Food for Thought
Food for Thought periodically reports on nutrition research aimed at improving health and well-being.
JAMA. Published online October 24, 2019. doi:10.1001/jama.2019.16477
The science behind food’s effects on human health is discovering some tasty benefits.Berries and Grapes Linked With Memory Boost
As the world’s elderly population races toward an estimated 2 billion by 2050, memory loss is expected to take a substantial toll. But recent research shows that polyphenols from grapes and blueberries combined may help boost declining memory among some older adults.
The study by investigators in France and Canada built not only on their own work in mice, but also on other preclinical and clinical studies showing that blueberries and grapes or their extracts may offer benefits for age-related cognitive decline. Their previous animal research also showed a synergistic effect—grape extract enhanced the absorption of polyphenols in the blueberry extract.
To determine whether an extract of both fruits may affect human cognition, the investigators enrolled 215 men and women aged 60 to 70 years in a 6-month clinical trial. They randomized the participants to receive a placebo or 600 mg per day of a polyphenol-rich grape and blueberry extract that contained 258 mg of flavonoids.
At the trial’s start, the investigators administered several cognitive ability tests. The primary outcome was results from visuospatial skills and episodic memory tests in which participants watched boxes, some that contained patterns, open on a touchscreen computer. When the patterns then appeared in the middle of the screen, participants had to match them to the appropriate box. Additional testing assessed episodic verbal memory and working memory.
Although all participants improved on the touchscreen computer test after 6 months, the investigators reported no difference in performance between the extract and placebo groups. But when they divided the participants into 4 groups according to their baseline test performance, the investigators found significant improvement among extract recipients with the greatest cognitive decline. In this group, cognitive age estimated from baseline test results improved by nearly 14 years compared with about 5½ years in the placebo group. Overall, the extract group also improved in verbal recall.
“[O]ur study confirms the need to define a recommended dietary allowance for flavonoids and revise recommendations for foods rich in these bioactives,” the authors concluded.Why Cilantro May Curb Seizures
Cilantro is an herb of many faces. It’s a staple in salsa and perfect for pickling. Not only were its seeds found in King Tut’s tomb, but it has a folk medicine history as an anticonvulsant. Now recent research explains why it’s been used to combat some seizures.
In a recent FASEB Journal study, researchers at the University of California, Irvine (UCI), reported that cilantro, or Coriandrum sativum, is a potent activator of neuronal voltage-gated potassium channel subfamily Q (KCNQ). Mutations in most of the genes that express this family of potassium channels can lead to heart disease, deafness, and severe epilepsy syndromes that are resistant to modern anticonvulsants.
By screening cilantro leaf metabolites, the researchers found that one—the long-chain fatty aldehyde (E)-2-dodecenal—activates several KCNQ channels, including the predominant neuronal and cardiac isoforms that regulate electrical activity in the brain and heart. “[D]odecenal binds to a specific part of the potassium channels to open them, reducing cellular excitability” and seizure activity, Geoff Abbott, PhD, professor of physiology and biophysics at the UCI School of Medicine, said in a statement. The metabolite also delayed some chemically induced seizures in mice.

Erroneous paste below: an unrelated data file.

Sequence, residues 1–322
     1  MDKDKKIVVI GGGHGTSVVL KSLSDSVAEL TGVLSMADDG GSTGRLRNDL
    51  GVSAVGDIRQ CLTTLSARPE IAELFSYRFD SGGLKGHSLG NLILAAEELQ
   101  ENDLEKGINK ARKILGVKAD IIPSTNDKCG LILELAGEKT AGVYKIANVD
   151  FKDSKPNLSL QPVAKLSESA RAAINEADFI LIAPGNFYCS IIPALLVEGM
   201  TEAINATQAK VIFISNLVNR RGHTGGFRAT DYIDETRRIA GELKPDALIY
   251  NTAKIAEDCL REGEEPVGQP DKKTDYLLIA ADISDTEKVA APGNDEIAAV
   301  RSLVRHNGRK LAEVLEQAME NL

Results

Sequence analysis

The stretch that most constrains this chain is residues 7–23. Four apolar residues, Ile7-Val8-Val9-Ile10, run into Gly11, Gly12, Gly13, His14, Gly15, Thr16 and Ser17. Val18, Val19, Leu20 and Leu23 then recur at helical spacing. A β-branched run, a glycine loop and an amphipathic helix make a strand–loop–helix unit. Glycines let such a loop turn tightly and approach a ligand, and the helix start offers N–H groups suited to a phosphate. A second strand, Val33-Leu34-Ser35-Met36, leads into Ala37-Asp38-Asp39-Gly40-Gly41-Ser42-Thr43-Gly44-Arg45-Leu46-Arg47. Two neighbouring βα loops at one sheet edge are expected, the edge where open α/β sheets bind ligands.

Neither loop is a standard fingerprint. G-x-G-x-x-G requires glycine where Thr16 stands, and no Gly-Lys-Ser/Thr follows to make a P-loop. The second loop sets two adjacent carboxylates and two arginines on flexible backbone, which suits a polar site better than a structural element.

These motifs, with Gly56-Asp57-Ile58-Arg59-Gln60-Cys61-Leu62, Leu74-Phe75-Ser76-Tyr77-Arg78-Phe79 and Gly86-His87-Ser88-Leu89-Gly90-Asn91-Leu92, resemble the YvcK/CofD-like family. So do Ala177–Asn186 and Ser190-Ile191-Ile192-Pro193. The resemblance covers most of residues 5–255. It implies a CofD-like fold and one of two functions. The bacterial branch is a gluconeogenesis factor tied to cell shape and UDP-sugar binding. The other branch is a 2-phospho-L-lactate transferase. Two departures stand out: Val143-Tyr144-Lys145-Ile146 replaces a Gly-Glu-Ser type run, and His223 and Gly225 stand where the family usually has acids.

Abbott said the finding “is important, as it may lead to more effective use of cilantro as an anticonvulsant or to modifications of dodecenal to develop safer and more effective anticonvulsant drugs.”Do Mushrooms Really Protect Against Cardiometabolic Disease?
Mushrooms may be rich in vitamins, minerals, and bioactive compounds such as polysaccharides, but recent research indicates that the fungi may not measure up to claims that they protect against cardiovascular disease and type 2 diabetes.
Investigators from Harvard Medical School and Harvard’s T.H. Chan School of Public Health noted that evidence from human studies to support mushrooms’ cardiometabolic benefits is limited. So they turned to 2 large, prospective, long-running cohort studies—the Nurses’ Health Study and the Health Professionals Follow-up Study—to examine whether eating mushrooms may reduce cardiometabolic disease risks or affect related biomarkers such as low-density lipoprotein (LDL) cholesterol.
Their analysis involved 67 139 women, 43 541 men, and more than 2 million person-years of follow-up. Based on food-frequency questionnaires, the investigators separated participants into categories according to how often they ate mushrooms. The cardiometabolic disease biomarkers they evaluated in addition to LDL cholesterol included total and high-density lipoprotein cholesterol, triglycerides, C-reactive protein, and C peptide.
Among participants who ate 5 or more servings of mushrooms per week, the investigators found no difference in risk of cardiovascular disease or type 2 diabetes compared with those who ate mushrooms less than once a month. They also found no association between mushroom consumption and disease biomarkers.
The investigators did, however, note limitations: Mushroom consumption in their study was low; about half the participants ate them less than once a week. In addition, they assessed mushroom consumption only once, at baseline. “Given the wide popularity of mushrooms and the growing interest in their potential clinical effects, more prospective cohort studies addressing the limitations of this study are warranted,” the researchers wrote.